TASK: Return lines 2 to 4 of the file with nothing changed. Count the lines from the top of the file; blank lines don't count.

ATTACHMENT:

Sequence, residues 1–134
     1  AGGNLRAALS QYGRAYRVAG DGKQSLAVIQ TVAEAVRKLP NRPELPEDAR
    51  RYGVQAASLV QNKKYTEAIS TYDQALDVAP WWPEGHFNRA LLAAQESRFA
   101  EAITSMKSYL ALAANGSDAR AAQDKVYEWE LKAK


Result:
     1  AGGNLRAALS QYGRAYRVAG DGKQSLAVIQ TVAEAVRKLP NRPELPEDAR
    51  RYGVQAASLV QNKKYTEAIS TYDQALDVAP WWPEGHFNRA LLAAQESRFA
   101  EAITSMKSYL ALAANGSDAR AAQDKVYEWE LKAK